Anne Hathaway's Cottage is a twelve-roomed farmhouse where Anne Hathaway, the wife of William Shakespeare, lived as a child in the village of Shottery, Warwickshire, England, about 1 mile (1.6 km) west of Stratford-upon-Avon. Spacious, and with several bedrooms, it is now set in extensive gardens.
The earliest part of the house was built prior to the 15th century; the higher part is 17th century. The house was known as Hewlands Farm in Shakespeare's day and had more than 90 acres (36 hectares) of land attached to it; to call it a cottage is really a misnomer, as it is much larger than the term usually means. As in many houses of the period, it has multiple chimneys to spread the heat evenly throughout the house during winter. The largest chimney was used for cooking. It also has visible timber framing, typical of vernacular Tudor architecture.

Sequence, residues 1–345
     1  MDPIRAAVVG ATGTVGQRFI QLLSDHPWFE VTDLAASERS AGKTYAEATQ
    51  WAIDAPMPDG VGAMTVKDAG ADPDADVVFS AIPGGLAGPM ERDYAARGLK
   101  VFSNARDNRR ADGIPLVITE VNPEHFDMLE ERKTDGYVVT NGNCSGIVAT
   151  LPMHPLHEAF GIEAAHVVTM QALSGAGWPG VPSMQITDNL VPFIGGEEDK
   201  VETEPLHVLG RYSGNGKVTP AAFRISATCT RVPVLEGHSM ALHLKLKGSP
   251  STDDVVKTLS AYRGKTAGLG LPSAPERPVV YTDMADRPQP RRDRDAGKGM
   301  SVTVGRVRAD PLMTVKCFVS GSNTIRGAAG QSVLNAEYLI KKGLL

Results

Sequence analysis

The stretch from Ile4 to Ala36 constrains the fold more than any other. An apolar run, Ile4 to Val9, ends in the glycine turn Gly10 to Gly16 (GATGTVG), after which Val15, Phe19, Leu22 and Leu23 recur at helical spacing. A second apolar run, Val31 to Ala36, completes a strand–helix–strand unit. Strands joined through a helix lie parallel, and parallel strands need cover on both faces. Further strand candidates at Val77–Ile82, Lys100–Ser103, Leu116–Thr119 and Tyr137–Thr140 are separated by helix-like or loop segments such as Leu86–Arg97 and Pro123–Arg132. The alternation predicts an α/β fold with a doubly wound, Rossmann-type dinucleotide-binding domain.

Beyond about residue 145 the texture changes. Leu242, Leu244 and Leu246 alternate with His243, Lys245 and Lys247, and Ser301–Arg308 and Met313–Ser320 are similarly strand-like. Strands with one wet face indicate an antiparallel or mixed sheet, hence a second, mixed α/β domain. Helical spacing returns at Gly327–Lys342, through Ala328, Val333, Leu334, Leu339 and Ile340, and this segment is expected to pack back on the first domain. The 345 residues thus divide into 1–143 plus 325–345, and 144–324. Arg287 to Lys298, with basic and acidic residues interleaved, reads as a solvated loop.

After the death of Hathaway's father, the cottage was owned by her brother Bartholomew, and was passed down the Hathaway family until 1846, when financial problems forced them to sell it. However, it was still occupied by them as tenants when it was acquired in 1892 by the Shakespeare Birthplace Trust, which removed later additions and alterations. In 1969 the cottage was badly damaged in a fire, but was restored by the Trust. It is now open to the public as a museum.